SummaryRed Hat declared war against VMware on the cloud front today, noting that the rapid expansion of OVA and its own expanding open source
Red Hat declared war on VMware’s Cloud Foundry today, announcing that 65 new companies have joined the Open Virtualization Alliance backing KVM in a month’s time.
In May, Red Hat, SUSE, BMC Software, Eucalyptus Systems, HP, IBM and Intel, announced the formation of the Open Virtualization Alliance.
As of today, 65 new members have joined, including Dell. Scott Crenshaw, who leads Red Hat’s cloud effort, denounced what he called VMware’s proprietary cloud platform.
Red Hat has backed and been evangelizing the open source hypervisor since buying Qumranet several years ago, and offers significant KVM support in its Enterprise Linux 6.1. The company also recently announced a number of multi-platform cloud products based on KVM including its OpenShift PaaS and Cloud Forms IaaS.
KVM is incorporated in the Linux kernel and is backed by some open source advocates while others prefer Xen. (Interestingly, the two Xen.org founders left Citrix yesterday to launch a startup). Still, it’s been an uphill battle — and a development challenge — for the lesser known KVM open source hypervisor to make headway in the enterprise market.
At the recent Red Hat Summit, execs insisted that KVM is enterprise ready. Today’s announcements — including the release of Red Hat’s MRG 2.0 — are designed to further that goal.
“The floodgates have been lifted and [there's] a massive wave of support for KVM and Red Hat Enterprise Virtualization,” said Crenshaw, vice president and general manager of Red Hat’s cloud business. “Lock-in doesn’t benefit anyone but VMware … the tide is rising against VMware’s hegemony.”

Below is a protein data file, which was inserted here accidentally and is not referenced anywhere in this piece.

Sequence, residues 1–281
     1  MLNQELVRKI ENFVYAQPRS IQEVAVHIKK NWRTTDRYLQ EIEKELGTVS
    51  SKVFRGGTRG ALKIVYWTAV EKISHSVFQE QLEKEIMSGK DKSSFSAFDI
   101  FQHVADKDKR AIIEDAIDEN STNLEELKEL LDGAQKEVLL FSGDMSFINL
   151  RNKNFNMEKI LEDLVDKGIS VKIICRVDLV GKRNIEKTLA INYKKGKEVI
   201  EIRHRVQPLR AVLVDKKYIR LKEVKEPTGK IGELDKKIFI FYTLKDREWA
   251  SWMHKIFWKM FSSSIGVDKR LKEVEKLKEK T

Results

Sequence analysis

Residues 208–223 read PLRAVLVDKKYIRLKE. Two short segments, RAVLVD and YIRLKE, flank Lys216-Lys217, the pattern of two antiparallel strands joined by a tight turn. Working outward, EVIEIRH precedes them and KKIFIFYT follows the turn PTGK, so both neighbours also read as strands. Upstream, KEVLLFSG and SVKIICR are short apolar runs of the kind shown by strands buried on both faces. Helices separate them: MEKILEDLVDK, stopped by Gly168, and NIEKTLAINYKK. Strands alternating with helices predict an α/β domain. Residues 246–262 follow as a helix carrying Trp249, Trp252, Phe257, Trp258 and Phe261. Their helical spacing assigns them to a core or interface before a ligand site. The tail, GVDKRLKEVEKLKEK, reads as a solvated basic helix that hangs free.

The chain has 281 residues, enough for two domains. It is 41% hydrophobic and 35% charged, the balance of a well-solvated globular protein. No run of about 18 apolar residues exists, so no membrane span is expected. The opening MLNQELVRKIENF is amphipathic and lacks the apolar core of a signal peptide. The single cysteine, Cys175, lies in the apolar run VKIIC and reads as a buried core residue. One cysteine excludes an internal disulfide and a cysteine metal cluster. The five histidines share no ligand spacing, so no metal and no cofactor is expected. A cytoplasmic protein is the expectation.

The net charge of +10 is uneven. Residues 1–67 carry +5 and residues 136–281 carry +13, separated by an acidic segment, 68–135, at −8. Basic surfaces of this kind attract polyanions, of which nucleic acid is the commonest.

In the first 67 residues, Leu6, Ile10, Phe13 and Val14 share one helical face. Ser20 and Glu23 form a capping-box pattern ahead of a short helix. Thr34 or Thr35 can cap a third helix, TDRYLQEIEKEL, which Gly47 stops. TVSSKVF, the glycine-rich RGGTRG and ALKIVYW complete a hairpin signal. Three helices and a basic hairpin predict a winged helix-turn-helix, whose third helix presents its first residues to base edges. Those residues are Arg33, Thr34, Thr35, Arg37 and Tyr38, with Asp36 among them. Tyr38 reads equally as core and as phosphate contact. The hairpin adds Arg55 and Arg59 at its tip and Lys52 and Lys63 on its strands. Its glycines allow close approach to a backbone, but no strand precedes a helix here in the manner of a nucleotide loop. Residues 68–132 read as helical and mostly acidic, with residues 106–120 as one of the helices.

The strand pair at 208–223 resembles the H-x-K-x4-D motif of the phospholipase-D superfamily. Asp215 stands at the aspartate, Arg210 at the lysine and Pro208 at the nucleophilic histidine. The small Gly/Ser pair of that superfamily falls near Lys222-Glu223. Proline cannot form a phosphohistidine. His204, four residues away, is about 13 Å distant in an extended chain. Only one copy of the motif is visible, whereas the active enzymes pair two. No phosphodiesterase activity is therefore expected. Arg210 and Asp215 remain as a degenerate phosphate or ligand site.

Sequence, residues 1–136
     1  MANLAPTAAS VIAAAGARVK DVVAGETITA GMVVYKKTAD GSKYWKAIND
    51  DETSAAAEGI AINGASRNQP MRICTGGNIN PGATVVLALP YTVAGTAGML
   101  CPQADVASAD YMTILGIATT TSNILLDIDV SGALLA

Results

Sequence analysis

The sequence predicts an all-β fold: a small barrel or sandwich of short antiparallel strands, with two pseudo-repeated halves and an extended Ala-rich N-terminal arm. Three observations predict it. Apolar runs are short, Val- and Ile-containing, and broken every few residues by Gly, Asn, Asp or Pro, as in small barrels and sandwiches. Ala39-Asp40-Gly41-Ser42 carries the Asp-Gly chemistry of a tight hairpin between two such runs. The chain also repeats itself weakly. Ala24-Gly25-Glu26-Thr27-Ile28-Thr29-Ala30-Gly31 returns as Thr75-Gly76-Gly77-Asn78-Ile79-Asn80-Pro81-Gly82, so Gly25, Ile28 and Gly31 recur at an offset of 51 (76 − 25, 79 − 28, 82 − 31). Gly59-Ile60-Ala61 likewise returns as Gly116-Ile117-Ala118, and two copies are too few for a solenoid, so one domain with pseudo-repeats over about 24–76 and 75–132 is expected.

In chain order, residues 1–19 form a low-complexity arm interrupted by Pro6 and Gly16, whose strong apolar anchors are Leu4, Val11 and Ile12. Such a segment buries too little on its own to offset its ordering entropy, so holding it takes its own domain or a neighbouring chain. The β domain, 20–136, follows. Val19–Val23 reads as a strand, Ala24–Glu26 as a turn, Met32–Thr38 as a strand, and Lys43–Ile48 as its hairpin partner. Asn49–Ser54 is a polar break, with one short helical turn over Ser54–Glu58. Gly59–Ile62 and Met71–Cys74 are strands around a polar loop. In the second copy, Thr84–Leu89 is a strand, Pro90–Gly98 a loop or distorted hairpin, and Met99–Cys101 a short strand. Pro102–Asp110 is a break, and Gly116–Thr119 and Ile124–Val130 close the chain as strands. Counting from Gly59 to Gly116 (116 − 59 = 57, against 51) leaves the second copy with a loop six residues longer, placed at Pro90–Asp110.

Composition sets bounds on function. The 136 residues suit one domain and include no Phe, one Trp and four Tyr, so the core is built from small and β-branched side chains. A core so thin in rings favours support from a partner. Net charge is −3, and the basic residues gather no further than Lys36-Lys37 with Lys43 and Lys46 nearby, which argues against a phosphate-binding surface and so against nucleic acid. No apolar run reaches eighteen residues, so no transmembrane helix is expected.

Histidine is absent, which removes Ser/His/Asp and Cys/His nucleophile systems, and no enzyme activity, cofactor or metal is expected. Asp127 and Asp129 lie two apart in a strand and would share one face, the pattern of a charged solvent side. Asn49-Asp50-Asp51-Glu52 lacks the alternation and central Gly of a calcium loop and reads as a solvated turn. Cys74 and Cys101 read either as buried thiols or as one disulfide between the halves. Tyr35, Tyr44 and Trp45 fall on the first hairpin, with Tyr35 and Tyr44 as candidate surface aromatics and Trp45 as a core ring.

He said VMware’s Cloud Foundry purports to be open but claimed that at its core it is based on VMware’s proprietary ESX virtualization technology. He also said Microsoft’s claims of openness and no cost for Azure are not yet proven.
The full list of OVA announced today is packed with many open source companies, includes Abiquo, AdaptiveComputing, Afore Solutions, Arista Networks, Arkeia, autonomicresources, B1 Systems, BlueCat Networks, Brocade, Carbon 14 Software, Cfengine, CheapVPS, Cloud Cruiser, CloudSigma, CloudSwitch, CodeFutures, CohesiveFT, Collax GmbH, Convirture, Corensic, Censtratus, EnterpriseDB, Everis Inc., Fujitsu Frontech, FusionIO, Gluster, Inc., Grid Dynamics, Groundwork Open Source, HexaGrid Computing, IDT us, Infinite Technologies, Information Builders, Killer Beaver, LLC, Likewise, Mindtree Ltd, MontaVista Software, Morph Labs, nanoCloud, Neocoretech, Nicira Networks, Nimbula, novastorm, One Convergence, OpenNebula / C12G Labs, Providence Software (XVT), Proxmox Server Solutions GmbH, Qindel, RisingTide Systems, ScaleOut Software, Sep Software, Shadow Soft, Smartscale, StackOps, stepping stone GmbH, Storix, UC4, Unilogik, Univention, Usharesoft, Virtual Bridges , Vyatta, Weston Software Inc, XebiaLabs and Zmanda.
KVM once battled to be a serious contender to Xen. Now, its chief commercial backer — Red Hat — is taking on the behemoth — VMware